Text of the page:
La Gazza Ladra (8/19/15), La Gazzetta (8/20/15), L’Inganno Felice (8/21/15)
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La Gazza Ladra (8/19/15), La Gazzetta (8/20/15), L’Inganno Felice (8/21/15)

Rossini Opera Festival

In Review PEsaro L'Ingannohdl 1115
L'Inganno Felice, heartwarmingly humorous at Pesaro
© Studio Amati Bacciardi

FOR THE SECOND TIME in three years, the most gratifying staging at the Rossini Opera Festival was the revival of a production conceived more than two decades earlier. Jean-Pierre Ponnelle’s Occasione Fa il Ladro, given its premiere here in 1989 and restaged in 2013, was followed up this year with Graham Vick and Richard Hudson’s Inganno Felice (first seen in 1994). Compared to the latter, Damiano Michieletto’s Gazza Ladra, with sets by Paolo Fantin, and Marco Carniti’s Gazzetta, designed by Manuela Gasparoni, revealed less trust in the original dramaturgy, less humanity in the delineation of the characters (who were upgraded in class and sophistication but lost their nineteenth-century charm) and a tendency to subordinate psychological coherency to the brittle (and sometimes clichéd) demands of modish theatrical effect.

The most striking musical achievements at this year’s festival were Denis Vlasenko’s conducting of L’Inganno Felice (seen on Aug. 21 at the Teatro Rossini), which excelled in transition, instrumental subtlety (the Orchestra Sinfonica G. Rossini was at its best) and grasp of musical architecture; Juan Diego Flórez’s unique combination of caress, daring and aplomb in concert performances of the Messa di Gloria and the early cantata Il Pianto d’Armonia sulla Morte d’Orfeo (at the Adriatic Arena on Aug. 18); Michele Mariotti’s Michelangelesque reading of the Stabat Materat the Teatro Rossini (with American tenor René Barbera and the Orchestra and Chorus of Bologna’s Teatro Comunale responding with equal inspiration); and the brilliantly timed physical agility of the Neapolitan actor Ernesto Lama in the mimed role of Pomponio’s servant Tommasino in La Gazzetta (competently conducted by Enrique Mazzola at the Teatro Rossini on Aug. 20). (This is a role absent in the score, but it was perfectly integrated into a production that, at its best, proved faithful to the commedia dell’arte tradition.)

There were a number of other performances fully worthy of this festival at its best. (This was the final edition under the artistic direction of Alberto Zedda, who will be succeeded by Ernesto Palacio.) Bass Carlo Lepore dominated the stage with infectious vitality as Tarabotto in L’Inganno Felice, while baritone Davide Luciano (Batone) offered a rare example of full-voiced legato coloratura singing in his long solo. The two singers interacted memorably in their patter duet. Barbera — who combines a genuine florid technique with a vast range, excellent dynamic control and a warmly Italianate timbre — made much of the role of Giannetto in La Gazza Ladra, although Carla Teti’s costume didn’t really suit Barbera’s physique. The emotional focus of the opera was blurred by the oneiric emphasis of Michieletto’s production, which presented the story of Ninetta as a dream of the graceful mime (Sandhya Nagaraja) who played the magpie, often stealing the limelight from the principal characters. This happened less intrusively than in 2007, when the production was first unveiled, because the main singers in 2015 were stronger in personality. Nino Machaidze has a rather metallically vibrant voice for Ninetta and (like the dynamic bass Alex Esposito, playing her father, Fernando) tends to aspirate her coloratura, but she did bring to the role welcome intensity of tone and facial expression, and she was strongly supported by Simone Alberghini as Fabrizio, Teresa Iervolino as Lucia and Matteo Macchioni as Isacco. There was also strong, stylish support in the pit from Donato Renzetti, whose genuine warmth of feeling was clearly felt in the overture and accompaniments, even though the acoustic of the Adriatic Arena (on Aug. 19) tended to favor the orchestra over the singers.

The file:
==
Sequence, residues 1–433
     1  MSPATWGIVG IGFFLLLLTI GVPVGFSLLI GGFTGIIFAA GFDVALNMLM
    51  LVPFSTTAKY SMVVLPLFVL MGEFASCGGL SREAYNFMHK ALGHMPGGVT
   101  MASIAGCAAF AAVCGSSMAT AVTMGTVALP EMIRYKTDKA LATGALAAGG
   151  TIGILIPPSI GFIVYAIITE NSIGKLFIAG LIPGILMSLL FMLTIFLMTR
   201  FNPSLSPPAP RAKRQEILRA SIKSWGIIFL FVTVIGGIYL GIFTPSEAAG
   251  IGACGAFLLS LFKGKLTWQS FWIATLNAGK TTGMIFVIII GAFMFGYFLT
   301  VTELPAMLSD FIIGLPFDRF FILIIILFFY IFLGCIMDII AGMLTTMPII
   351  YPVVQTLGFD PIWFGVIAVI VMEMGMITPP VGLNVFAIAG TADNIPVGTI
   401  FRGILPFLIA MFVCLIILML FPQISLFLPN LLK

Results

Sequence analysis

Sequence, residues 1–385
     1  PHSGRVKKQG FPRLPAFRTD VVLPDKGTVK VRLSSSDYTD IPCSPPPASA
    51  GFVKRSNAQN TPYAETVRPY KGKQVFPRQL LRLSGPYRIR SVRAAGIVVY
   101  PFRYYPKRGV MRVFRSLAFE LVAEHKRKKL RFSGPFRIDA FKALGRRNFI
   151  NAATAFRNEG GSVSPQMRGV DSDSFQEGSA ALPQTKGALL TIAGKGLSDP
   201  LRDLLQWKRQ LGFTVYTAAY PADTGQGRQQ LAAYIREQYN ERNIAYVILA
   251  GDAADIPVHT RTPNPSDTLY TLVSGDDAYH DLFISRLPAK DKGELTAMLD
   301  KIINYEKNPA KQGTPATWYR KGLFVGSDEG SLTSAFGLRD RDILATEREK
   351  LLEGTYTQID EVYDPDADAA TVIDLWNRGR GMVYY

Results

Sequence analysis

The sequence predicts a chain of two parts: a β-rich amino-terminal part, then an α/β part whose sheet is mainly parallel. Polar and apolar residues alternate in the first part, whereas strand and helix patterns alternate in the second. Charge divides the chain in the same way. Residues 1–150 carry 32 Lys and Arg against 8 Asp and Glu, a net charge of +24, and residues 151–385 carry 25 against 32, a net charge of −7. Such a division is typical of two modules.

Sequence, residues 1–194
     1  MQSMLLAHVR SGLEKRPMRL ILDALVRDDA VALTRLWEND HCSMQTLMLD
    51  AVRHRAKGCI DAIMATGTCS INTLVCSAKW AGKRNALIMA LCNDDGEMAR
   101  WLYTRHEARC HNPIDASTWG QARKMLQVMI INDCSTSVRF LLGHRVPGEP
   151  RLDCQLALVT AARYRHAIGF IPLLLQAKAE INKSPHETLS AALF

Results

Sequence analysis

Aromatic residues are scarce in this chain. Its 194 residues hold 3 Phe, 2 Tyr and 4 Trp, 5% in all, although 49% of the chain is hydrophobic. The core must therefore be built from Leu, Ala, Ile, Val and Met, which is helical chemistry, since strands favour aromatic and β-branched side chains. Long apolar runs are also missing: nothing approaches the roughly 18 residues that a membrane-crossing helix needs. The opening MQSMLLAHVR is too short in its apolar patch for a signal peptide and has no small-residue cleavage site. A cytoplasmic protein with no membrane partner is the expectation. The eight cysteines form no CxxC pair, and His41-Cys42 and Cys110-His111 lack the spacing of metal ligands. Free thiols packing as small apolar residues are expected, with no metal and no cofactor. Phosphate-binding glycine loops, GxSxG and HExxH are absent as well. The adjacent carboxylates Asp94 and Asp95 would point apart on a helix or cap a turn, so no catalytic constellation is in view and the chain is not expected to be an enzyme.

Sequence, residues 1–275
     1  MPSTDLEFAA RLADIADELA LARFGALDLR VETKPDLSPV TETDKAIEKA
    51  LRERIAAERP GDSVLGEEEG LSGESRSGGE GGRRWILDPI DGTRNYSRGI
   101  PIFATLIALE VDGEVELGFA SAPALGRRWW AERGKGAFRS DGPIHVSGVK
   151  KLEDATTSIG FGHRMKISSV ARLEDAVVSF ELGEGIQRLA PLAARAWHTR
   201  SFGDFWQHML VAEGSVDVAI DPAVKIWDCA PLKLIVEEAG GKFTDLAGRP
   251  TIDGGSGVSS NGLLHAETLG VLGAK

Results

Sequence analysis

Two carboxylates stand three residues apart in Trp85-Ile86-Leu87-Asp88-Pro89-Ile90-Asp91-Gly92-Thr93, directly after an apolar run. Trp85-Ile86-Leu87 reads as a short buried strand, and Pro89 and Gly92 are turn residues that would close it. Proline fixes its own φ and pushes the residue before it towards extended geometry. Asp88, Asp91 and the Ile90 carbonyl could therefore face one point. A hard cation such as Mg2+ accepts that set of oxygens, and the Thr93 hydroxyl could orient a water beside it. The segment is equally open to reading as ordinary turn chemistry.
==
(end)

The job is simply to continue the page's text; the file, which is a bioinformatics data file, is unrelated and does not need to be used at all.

In Review pesaro Gazzetta hdl 2 1115 
Commedia dell’arte tradition: La Gazzetta at Pesaro
© Studio Amati Bacciardi

La Gazzetta was this year’s only new production, and the performance was in some ways revelatory, for the newly rediscovered Act I quintet clarifies the action of this comedy (the work now deserves regular revival), and Carniti’s unfolding of the plot, though gimmicky at times, was much more pertinent than the hyperactive business devised by Dario Fo in this same theater in 2001. Nicola Alaimo, decidedly comfortable in the Neapolitan dialect employed by Don Pomponio Storione, gave his finest performance so far at the festival — a generously conceived buffo portrayal in primary colors. Equally appreciable was Maxim Mironov as Alberto; the Russian tenor has greatly matured over the past ten years and is now as communicative in gesture and visage as he is in phrasing. The secret couple formed by Vito Priante (Filippo) and Hasmik Torosyan (Lisetta) appeared too slickly cynical to engage the sympathies of the audience, but Dario Shikhmiri as Anselmo and Andrea Vincenzo Bonsignore as Monsù Traversen appeared well attuned to the words and music.

Overall it was L’Inganno Felice, the most moving of Rossini’s early farse, that proved most heartwarmingly humorous. And although soprano Mariangela Sicilia lacked individuality of timbre as Isabella and tenor Vassilis Kavayas proved too technically fragile to lend authority to the role of her long-lost aristocratic husband, all the characters derived credibility and psychological interest from a set and costumes that clearly established the action in the seaside mining community described in Giuseppe Foppa’s libretto. —Stephen Hastings 

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